"As for me I am going to get out of the way by going on the upper deck, it seems to be the only quiet place on board," said Uncle Ben, as he dodged the chickens and took refuge on the elevated stern of the boat where the grave, stately reis gave him a deep salaam of welcome.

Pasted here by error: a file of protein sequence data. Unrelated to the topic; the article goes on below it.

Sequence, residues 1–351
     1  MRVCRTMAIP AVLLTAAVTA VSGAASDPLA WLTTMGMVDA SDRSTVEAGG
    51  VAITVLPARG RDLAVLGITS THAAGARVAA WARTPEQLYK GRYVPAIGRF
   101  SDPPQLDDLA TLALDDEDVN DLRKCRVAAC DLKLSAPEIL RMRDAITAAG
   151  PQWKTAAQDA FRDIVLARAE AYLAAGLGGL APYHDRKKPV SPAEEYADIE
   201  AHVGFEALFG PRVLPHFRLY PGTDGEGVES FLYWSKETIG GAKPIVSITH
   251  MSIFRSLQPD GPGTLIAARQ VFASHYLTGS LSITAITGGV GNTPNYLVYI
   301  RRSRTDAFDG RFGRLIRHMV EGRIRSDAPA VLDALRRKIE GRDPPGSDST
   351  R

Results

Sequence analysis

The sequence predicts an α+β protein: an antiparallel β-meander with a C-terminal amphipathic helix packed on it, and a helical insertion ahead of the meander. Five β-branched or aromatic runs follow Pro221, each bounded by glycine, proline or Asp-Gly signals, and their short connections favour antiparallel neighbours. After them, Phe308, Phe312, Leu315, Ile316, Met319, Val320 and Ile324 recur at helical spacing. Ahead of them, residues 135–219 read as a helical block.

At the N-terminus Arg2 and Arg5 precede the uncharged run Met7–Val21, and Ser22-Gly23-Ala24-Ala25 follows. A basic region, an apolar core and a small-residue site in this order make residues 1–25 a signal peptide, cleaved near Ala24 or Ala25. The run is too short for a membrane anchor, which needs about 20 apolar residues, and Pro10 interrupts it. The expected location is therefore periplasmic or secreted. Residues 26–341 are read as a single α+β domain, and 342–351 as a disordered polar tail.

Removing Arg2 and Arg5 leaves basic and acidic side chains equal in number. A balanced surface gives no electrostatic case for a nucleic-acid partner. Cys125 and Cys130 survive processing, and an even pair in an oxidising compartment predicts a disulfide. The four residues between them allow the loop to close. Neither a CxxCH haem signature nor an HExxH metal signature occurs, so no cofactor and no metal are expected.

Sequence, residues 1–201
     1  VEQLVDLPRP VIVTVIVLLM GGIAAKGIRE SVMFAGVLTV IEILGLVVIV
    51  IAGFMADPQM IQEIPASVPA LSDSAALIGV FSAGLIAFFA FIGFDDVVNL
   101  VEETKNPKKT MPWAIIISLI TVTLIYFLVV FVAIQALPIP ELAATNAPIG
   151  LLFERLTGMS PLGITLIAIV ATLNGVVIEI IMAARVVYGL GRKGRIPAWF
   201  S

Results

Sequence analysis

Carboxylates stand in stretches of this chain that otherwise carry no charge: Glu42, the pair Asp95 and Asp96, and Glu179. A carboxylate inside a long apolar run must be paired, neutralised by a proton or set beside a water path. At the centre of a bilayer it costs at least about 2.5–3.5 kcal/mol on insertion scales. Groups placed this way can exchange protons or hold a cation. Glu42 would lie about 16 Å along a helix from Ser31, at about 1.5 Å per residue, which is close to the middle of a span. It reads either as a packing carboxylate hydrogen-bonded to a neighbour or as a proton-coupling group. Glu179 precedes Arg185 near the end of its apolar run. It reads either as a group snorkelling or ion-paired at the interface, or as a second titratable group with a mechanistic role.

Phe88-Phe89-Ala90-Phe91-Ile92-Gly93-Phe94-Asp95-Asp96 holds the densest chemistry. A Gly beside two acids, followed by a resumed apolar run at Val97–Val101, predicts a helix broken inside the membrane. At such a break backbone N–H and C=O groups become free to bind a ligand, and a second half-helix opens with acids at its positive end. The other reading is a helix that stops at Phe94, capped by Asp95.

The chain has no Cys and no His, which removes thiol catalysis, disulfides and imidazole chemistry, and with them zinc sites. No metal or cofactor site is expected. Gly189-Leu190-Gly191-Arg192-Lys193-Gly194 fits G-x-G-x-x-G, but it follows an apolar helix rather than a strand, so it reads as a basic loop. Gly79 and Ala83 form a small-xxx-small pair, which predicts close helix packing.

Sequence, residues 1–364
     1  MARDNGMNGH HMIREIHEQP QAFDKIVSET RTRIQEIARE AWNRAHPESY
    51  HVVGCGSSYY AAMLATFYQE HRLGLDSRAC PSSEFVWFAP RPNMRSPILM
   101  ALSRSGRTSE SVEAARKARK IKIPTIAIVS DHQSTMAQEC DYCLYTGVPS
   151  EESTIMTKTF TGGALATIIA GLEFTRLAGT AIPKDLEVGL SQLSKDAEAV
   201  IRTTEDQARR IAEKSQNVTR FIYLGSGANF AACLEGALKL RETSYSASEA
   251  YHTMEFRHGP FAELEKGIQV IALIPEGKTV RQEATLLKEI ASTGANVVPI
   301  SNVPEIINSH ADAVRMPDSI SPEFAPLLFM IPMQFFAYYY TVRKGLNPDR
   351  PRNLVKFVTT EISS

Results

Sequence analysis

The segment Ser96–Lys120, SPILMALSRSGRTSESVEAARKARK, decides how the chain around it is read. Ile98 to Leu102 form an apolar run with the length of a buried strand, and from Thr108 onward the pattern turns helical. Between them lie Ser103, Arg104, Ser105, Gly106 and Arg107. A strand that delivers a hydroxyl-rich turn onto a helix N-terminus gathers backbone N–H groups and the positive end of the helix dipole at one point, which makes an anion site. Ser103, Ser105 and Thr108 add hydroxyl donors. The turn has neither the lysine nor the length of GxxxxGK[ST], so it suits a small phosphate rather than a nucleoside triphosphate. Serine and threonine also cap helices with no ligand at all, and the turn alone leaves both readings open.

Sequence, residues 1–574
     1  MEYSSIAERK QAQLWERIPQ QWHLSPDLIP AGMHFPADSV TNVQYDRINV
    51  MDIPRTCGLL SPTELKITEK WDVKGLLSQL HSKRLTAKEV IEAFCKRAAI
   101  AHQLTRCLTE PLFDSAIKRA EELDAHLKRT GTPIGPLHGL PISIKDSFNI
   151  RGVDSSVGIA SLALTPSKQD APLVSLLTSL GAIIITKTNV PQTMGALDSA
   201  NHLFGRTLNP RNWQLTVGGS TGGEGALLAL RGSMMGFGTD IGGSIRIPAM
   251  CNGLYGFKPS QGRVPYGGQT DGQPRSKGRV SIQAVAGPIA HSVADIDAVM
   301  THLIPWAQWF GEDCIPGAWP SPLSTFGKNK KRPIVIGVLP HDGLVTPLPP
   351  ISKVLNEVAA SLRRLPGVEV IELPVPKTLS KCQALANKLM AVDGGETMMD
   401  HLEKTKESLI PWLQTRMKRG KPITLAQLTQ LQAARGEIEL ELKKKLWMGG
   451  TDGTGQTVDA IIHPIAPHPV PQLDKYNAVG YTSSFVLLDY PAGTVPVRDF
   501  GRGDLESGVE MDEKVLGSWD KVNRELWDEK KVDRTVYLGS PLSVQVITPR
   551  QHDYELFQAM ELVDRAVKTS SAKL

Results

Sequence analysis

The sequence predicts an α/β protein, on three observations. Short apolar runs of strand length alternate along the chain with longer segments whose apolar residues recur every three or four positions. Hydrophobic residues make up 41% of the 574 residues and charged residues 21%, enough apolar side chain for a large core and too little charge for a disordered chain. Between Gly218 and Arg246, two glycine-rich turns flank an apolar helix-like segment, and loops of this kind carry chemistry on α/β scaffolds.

Urged on by Mustapha's threats, the little crew soon began to get things in order. The tug of war came when it was time for the donkeys to come aboard. The boys got them up to the plank, but there they just planted their feet down firmly and not another step would they budge. They weren't going to leave dry land. Nabul coaxed and pulled, and Abdal clucked and prodded, but all Teddy Pasha did was to back his ears and give an awful bray, which made the crowd of loafers gathered on the river bank laugh. Finally Nabul tied a cloth over the Pasha's head, and while he pulled hard at the bridle in front Abdal tweaked the little donkey's tail, and this made him so mad that he dashed up the plank and on to the deck before he knew it, and just as soon as Bobs saw him go he rushed aft. The donkeys were then led triumphantly to their quarters in the prow of the boat, where they were very comfortable and content. George at once christened this part of the boat "the menagerie," for the chickens were already there pecking away at some grain, each fastened to the railing by a long string tied around one leg to keep them from flying overboard. The little girls, too, had brought the big white cockatoo to keep them company, and his wooden cage hung against the side of the cabin, while curled up in a tight box was a tame snake belonging to one of the crew. The Egyptians of all ages and all classes are very fond of pets.